This is an interesting but complicated question. To answer the first part regarding quantities, the short answer is yes – the amount of grapes produced is far greater per ha than ever before. The situation regarding negociants vs growers, is a thornier issue. As you may be aware, last year a law was passed that permits a reduced planting density from 8,000 vines per hectare to around 6,000, by allowing 2.2 metres between each row of grapes (essentially removing every other row). Known as ‘Vignes semi-larges’ or VSL, the scheme has been touted as an environmentally friendly initiative to reduce stress on the land and time spent maintaining the vineyards, but the suspicion is that it paves the way for more mechanisation, as tractors would be able to access the vineyards. This would favour large negociants who have sufficient land to accept lower income per hectare for the reduced labour costs. Whilst it is a voluntary scheme at present, many growers have expressed concerns that the reduction in yield from VSL vines will ultimately affect permitted yields across the region, whilst quality will also plummet as lower density of planting will lead to less concentration in the finished wine, as each vine is forced to produce more grapes resulting in dilution of flavour. There are many ifs and buts presently but it will be interesting to see how it plays out over the coming years, particularly with regards to Champagne’s image as a premium product. Watch this space!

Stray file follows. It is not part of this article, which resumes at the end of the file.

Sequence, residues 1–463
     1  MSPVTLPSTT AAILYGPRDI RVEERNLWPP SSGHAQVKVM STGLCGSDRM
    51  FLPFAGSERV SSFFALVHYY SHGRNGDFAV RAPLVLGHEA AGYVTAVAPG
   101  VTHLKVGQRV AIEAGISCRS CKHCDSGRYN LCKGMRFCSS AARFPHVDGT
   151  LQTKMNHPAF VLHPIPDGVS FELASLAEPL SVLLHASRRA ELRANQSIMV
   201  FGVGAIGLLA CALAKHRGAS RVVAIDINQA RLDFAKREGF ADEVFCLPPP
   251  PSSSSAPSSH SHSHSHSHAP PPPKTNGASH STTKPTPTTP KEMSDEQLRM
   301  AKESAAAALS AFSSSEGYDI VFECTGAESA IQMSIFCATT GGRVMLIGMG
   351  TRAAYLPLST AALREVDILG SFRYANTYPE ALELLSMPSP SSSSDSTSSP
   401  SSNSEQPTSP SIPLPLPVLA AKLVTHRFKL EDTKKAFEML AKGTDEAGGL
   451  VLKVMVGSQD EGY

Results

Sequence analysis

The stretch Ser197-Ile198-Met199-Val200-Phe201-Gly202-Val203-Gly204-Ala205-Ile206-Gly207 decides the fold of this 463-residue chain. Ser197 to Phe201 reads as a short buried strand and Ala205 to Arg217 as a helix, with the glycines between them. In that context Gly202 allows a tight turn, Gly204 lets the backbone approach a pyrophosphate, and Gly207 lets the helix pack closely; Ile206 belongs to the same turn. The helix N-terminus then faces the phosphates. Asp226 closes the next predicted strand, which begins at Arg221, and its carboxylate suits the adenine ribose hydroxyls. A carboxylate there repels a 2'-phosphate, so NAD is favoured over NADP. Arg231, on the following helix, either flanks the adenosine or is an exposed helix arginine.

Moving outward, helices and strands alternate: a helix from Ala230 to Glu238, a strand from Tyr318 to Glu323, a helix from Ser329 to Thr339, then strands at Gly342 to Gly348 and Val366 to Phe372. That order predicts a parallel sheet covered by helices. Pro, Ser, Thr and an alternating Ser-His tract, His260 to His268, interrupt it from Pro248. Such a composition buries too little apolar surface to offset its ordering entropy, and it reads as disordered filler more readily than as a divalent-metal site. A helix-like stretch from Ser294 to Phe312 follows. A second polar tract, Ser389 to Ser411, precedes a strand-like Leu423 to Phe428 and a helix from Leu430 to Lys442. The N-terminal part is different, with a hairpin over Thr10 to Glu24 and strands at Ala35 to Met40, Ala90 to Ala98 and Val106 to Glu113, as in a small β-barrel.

"Which champagne houses in the region do you recommend visiting for wine tourism – open to non-professionals, with tastings and nice cellars to visit?"
Wine tourism in Champagne has massively increased in the past few years. When I first started visiting you could knock on doors and have a quick chat and a wander around. Now, with the rise in organic and biodynamic practices, vignerons are spending more and more time among the vines and are less inclined to take visitors. Despite our obvious preference to choose Grower Champagne houses we work with, if you’ve never visited the region before and you’re interested in experiencing great cellars and understanding the production process, I’d still recommend Champagne Mercier, who do a really informative tour, whilst the cellars at Charles Heidsick, Ruinart and Veuve Clicquot are all wonderful. Of course, if there is a particular grower in our collection you’re dying to meet, please feel free to let us know your dates and we can always ask the question!
"Why do we accept that the French ‘found’ champagne when an Englishman knew about the process some 200 years earlier?"
It’s true that it was an English scientist, Christopher Merret, who first outlined the reason Champagne contained bubbles (considered an undesirable trait by the Champenois at the time) and, in concurrence with this, coal-fueled ovens in England enabled much stronger glass to be manufactured, which wouldn’t explode during secondary fermentation. So, you are right that it was essentially the English who pioneered and developed a taste for sparkling Champagne. Of course, 200 years ago, it wasn’t possible to create wine in the British Isles, so the Champenois were able to capitalise successfully on this burgeoning market among the wealthy British elite. They have successfully continued to create and promote a premium product very effectively ever since and, as with all good marketing, part of the allure involves bending the truth to fit a desirable narrative. The big question now though, is whether Champagne will be able to retain its renowned tension, brightness and finesse as temperatures continue to rise and acid levels step down… or will English Sparkling wine step into that mould?